Federal Aid Formulas a Sticky Issue in ESEA Debate
Winners, losers seen if cash flow revised
When the Senate education committee marked up and approved a bipartisan rewrite of the Elementary and Secondary Education Act earlier this month, one of the few issues members sparred over was changing a formula used to distribute federal funds to states and school districts for activities such as teacher preparation.
Meanwhile, the committee didn’t touch another complex, long-standing, and politically sensitive issue: the way Title I money for low-income students flows to states and districts.
Though, in theory, everything is up for grabs in the long-overdue revision of the ESEA, altering federal funding formulas is politically problematic because it shifts money from one state or district to another. That means there will always be some entity that loses money so to speak, even if most lawmakers and advocates recognize revising the formula is the fair thing to do.
“Formula changes are difficult because senators are elected to represent a particular state, and unless there is new money on the table, formula changes tend to be zero-sum games,” said Catherine Brown, the vice president for education policy at the Washington-based Center for American Progress. She was previously an education policy aide to former Rep. George Miller, D-Calif., the longtime chairman and ranking member of the House education committee.
“Money that goes to one state is taken from another,” Ms. Brown continued. “And even though, on a theoretical level, people understand that resources need to be distributed fairly, there is a tremendous need for more money for education in every state, and so you don’t see them acquiescing to have their education funding cut.”
The federal government currently spends about $14.5 billion on Title I and $2.3 billion on Title II, the latter of which goes toward teacher training.
Dodging the Fight
So how do lawmakers fix outdated formulas that don’t take into account, for example, pockets of intense poverty or shifts in populations over time? It turns out that it rarely happens, and when it does, it’s not in a significant way.
Take, for instance, the recent Senate education committee markup of the bipartisan ESEA bill that Sens. Lamar Alexander, R-Tenn., and Patty Murray, D-Wash., the chairman and ranking member, respectively, hammered out over the course of two months.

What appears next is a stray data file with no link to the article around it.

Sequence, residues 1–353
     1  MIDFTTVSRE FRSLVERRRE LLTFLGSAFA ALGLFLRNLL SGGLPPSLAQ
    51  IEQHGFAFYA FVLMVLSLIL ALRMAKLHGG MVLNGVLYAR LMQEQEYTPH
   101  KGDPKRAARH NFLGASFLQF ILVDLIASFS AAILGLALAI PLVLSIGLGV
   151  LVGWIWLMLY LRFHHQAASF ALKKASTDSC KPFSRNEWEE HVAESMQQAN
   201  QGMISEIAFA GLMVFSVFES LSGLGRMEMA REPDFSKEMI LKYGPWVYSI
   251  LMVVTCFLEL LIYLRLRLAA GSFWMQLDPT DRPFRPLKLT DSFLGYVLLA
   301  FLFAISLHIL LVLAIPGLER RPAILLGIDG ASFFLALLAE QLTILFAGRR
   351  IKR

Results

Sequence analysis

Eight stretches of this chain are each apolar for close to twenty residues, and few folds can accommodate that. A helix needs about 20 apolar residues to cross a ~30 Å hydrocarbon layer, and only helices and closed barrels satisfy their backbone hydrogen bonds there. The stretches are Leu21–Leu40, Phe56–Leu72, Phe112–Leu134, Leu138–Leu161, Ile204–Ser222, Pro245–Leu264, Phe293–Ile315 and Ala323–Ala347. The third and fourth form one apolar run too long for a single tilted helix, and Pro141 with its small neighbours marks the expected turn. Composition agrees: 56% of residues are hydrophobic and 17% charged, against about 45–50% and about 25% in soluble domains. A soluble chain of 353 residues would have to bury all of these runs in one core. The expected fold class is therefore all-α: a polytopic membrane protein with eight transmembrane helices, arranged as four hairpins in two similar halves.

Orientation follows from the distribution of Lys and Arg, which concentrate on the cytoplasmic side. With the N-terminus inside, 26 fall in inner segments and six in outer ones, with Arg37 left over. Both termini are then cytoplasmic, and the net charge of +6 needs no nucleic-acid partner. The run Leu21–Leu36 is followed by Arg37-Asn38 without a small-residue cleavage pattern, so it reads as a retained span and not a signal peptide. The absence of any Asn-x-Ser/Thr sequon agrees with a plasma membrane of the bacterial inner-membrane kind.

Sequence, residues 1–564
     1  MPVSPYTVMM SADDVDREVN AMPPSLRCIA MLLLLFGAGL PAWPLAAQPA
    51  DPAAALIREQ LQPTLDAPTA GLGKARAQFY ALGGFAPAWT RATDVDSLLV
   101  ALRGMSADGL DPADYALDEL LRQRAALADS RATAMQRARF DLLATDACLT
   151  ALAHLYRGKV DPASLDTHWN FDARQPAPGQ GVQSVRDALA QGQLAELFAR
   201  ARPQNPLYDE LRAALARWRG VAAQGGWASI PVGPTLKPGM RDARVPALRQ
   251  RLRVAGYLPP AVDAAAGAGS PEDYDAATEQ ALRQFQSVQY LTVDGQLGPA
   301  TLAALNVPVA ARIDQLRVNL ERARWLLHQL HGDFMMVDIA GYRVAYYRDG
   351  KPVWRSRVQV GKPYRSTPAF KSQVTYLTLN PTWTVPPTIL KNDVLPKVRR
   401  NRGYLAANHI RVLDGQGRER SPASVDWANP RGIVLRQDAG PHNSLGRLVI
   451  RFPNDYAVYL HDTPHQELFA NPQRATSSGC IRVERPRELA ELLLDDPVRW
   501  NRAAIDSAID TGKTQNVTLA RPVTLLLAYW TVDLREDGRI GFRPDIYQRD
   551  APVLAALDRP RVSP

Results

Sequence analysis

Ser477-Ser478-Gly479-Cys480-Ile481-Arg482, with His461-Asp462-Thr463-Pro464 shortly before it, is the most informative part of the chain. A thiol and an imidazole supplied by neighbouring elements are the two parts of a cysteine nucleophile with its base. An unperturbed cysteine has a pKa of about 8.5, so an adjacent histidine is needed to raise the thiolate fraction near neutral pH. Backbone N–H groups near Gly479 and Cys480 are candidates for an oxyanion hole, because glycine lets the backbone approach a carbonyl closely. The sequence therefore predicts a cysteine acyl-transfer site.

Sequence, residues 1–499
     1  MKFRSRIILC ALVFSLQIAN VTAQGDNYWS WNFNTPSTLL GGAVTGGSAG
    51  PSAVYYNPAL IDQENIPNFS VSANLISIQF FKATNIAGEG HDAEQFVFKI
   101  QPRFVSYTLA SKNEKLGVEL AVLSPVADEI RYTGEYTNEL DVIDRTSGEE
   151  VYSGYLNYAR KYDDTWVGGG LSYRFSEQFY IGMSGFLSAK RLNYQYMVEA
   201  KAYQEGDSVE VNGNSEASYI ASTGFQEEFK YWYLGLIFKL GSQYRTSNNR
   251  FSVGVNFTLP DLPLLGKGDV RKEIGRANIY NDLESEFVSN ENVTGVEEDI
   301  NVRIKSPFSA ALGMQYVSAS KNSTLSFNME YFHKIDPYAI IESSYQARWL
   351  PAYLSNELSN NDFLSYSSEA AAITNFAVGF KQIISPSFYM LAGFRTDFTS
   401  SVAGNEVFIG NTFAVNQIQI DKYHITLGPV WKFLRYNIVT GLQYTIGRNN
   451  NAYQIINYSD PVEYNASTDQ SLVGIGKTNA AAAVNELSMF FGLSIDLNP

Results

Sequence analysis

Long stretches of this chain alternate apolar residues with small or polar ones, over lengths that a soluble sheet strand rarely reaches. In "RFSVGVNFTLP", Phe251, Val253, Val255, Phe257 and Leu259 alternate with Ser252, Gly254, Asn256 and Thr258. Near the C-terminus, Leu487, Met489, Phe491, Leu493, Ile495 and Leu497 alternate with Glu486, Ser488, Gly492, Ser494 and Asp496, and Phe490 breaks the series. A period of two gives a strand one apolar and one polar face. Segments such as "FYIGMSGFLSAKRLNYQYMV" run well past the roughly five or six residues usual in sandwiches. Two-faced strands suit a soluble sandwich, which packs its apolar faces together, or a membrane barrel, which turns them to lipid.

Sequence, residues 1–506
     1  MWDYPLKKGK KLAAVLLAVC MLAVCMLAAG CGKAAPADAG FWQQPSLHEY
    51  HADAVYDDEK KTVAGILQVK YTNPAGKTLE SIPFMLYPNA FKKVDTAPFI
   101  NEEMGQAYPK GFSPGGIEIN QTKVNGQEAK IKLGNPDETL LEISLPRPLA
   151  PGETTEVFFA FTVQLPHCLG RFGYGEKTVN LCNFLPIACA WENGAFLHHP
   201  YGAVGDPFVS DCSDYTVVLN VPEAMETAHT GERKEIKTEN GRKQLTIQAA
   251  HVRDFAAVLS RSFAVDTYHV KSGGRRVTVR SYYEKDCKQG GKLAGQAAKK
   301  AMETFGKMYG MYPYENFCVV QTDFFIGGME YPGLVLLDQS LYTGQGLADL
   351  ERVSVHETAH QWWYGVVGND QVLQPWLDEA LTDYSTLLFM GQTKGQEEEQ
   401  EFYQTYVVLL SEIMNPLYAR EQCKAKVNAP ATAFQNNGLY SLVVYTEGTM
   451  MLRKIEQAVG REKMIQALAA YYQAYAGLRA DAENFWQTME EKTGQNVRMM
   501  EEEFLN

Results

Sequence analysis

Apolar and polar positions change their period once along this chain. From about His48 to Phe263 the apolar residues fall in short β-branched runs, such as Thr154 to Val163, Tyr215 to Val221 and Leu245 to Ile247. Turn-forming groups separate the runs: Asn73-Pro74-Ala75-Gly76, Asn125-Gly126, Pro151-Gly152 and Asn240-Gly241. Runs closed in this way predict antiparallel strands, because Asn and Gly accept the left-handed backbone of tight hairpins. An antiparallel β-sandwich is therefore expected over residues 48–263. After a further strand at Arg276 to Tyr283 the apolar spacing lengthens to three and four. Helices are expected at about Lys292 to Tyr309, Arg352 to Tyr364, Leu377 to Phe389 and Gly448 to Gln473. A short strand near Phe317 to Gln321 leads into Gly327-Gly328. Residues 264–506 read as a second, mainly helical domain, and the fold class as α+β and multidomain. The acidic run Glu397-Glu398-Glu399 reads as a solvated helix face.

During a three-day executive session in mid-April, Sens. Richard Burr, R-N.C., and Robert Casey, D-Pa., offered dueling amendments involving Title II teacher aid—Sen. Burr’s in an attempt to change the formula, and Sen. Casey’s in an effort to preserve funding for his state that would be lost as a result of Mr. Burr’s proposed formula tweak and a decision by Sens. Alexander and Murray to eliminate a provision in their compromised bill that safeguards states from such formula changes.
Sen. Burr’s amendment, which was adopted by the committee via voice vote, changed the formula so that 80 percent of the aid would be based on poverty and 20 percent on population. The current formula is based 65 percent on poverty and 35 percent on population.
Sens. Alexander and Murray had worked hard to maintain the bipartisan nature of the proposed ESEA rewrite. Fearing Sen. Burr’s amendment combined with the elimination of language that protects states from a loss of formula funds might rock the boat, they asked him to provide members of the committee with a spreadsheet showing how much each of their home states stood to gain or lose because of the changes.
In this case, 12 of the 22 committee members, including the chairman and ranking member, would see their federal funding for Title II increase.
Typically, when a funding formula is changed, a “hold harmless” provision is added to ensure that no state or district loses money. Such a provision is, in fact, found in multiple titles of the ESEA. It’s generally designed to safeguard schools from substantial funding cuts by specifically stating that federal funding for a state or district cannot fall below a certain fiscal-year level.
But the Alexander-Murray compromise eliminated the hold-harmless provision in Title II, so the formula-change amendment from Sen. Burr stood to hurt states that are relatively wealthy but have dwindling populations.
Sen. Casey hails from one of those states. The elimination of the hold-harmless provision, combined with the formula change, would shift up to $25 million away from Pennsylvania schools.
In response, Mr. Casey offered an amendment, which was also approved, that added back into the underlying bill a hold-harmless provision that would ensure states would receive no less than 25 percent of what they currently receive.